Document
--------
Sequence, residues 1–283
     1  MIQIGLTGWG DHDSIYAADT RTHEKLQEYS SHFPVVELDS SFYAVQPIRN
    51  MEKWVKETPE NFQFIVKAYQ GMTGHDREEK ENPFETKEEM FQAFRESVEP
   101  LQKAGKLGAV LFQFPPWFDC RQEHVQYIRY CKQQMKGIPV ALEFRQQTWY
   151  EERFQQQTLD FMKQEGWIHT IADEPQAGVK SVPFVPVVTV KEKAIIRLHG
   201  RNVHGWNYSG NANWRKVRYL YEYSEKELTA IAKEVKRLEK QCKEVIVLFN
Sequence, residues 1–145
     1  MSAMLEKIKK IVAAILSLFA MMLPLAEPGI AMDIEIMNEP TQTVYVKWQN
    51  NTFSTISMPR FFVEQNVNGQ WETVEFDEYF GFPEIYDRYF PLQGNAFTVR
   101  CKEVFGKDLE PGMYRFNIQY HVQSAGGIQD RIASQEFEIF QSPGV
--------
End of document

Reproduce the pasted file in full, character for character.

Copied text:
Sequence, residues 1–283
     1  MIQIGLTGWG DHDSIYAADT RTHEKLQEYS SHFPVVELDS SFYAVQPIRN
    51  MEKWVKETPE NFQFIVKAYQ GMTGHDREEK ENPFETKEEM FQAFRESVEP
   101  LQKAGKLGAV LFQFPPWFDC RQEHVQYIRY CKQQMKGIPV ALEFRQQTWY
   151  EERFQQQTLD FMKQEGWIHT IADEPQAGVK SVPFVPVVTV KEKAIIRLHG
   201  RNVHGWNYSG NANWRKVRYL YEYSEKELTA IAKEVKRLEK QCKEVIVLFN
Sequence, residues 1–145
     1  MSAMLEKIKK IVAAILSLFA MMLPLAEPGI AMDIEIMNEP TQTVYVKWQN
    51  NTFSTISMPR FFVEQNVNGQ WETVEFDEYF GFPEIYDRYF PLQGNAFTVR
   101  CKEVFGKDLE PGMYRFNIQY HVQSAGGIQD RIASQEFEIF QSPGV